Manaf Tlas
Manaf Tlas Reuters

A Syrian general and one-time friend of President Bashar al-Assad who fled Damascus this month is in France, President Francois Hollande confirmed on Tuesday.

General Manaf Tlas, a member of Syria's Sunni Muslim majority, had been reported to be in Paris with his family, but has yet to speak publicly since defecting, Reuters reported.

“We have been informed about this situation. He is here,” Hollande was quoted by the news agency as having said at a news conference with his Tunisian counterpart, Moncef Marzouki.

French Foreign Minister Laurent Fabius said on July 12 that Paris was aware that Tlas was in talks with the Syrian opposition about a possible role in efforts to oust Assad.

In an unauthenticated statement emailed to Reuters earlier on Tuesday and signed by General Tlas in Paris, he is quoted as saying he wants a “constructive transition that guarantees Syria's unity, stability and security as well as the legitimate aspirations of its people.”

“I can only express my anger and pain to see the army forced to fight a battle against its own principles. It is a battle being led by security forces in which the people and ordinary soldiers are the victims,” the statement said.

Tlas is quoted as saying that he had refused to take part in the security crackdown and as a result had been isolated and accused of being a traitor.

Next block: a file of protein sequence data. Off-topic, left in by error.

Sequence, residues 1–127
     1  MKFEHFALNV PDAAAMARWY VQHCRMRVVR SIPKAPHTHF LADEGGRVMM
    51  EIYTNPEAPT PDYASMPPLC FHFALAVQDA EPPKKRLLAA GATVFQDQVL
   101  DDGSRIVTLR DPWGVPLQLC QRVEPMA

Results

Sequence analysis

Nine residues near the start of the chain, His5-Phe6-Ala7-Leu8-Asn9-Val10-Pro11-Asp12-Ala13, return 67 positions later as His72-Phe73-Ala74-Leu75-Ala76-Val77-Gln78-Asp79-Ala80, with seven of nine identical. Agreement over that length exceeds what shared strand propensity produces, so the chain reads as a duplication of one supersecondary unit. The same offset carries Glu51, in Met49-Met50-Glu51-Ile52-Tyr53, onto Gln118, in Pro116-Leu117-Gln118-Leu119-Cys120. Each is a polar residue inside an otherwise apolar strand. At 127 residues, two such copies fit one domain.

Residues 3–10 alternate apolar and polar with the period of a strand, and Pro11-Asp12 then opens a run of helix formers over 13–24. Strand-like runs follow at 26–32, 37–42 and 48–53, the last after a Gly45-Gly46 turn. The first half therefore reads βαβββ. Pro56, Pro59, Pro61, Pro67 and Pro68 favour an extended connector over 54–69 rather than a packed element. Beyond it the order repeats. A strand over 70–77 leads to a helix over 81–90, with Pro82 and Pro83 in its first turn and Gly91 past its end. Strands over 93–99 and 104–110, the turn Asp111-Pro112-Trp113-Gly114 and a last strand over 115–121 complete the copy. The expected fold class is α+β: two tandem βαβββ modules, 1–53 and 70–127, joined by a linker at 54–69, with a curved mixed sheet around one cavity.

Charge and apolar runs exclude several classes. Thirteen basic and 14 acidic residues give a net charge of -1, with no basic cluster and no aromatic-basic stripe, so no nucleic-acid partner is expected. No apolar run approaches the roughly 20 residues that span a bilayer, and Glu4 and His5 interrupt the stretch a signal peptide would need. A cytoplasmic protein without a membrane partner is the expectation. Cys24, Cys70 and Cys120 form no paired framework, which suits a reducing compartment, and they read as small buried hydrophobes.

“My conscience and convictions drove me to oppose and distance myself from this destructive crackdown,” he said.

Reuters noted that neither Tlas’ brother Firas nor Syrian opposition members in Paris were able to confirm the statement's veracity. A statement claiming to be from Tlas in the immediate aftermath of his defection on July 6 proved to be fake.

Meanwhile, Syrian rebels battled government forces backed by air power and artillery on Tuesday in the fiercest fighting to hit Damascus since the revolt against Assad erupted more than 16 months ago.

A rebel commander told Reuters the rebels will intensify attacks inside the capital and target sensitive security installations in what they call an operation to “liberate Damascus.”

The United Nations Security Council is due to vote on Wednesday on a Western-backed resolution that threatens Syrian authorities with sanctions if they do not stop using heavy weapons in towns, but Russia has said it will block the move.

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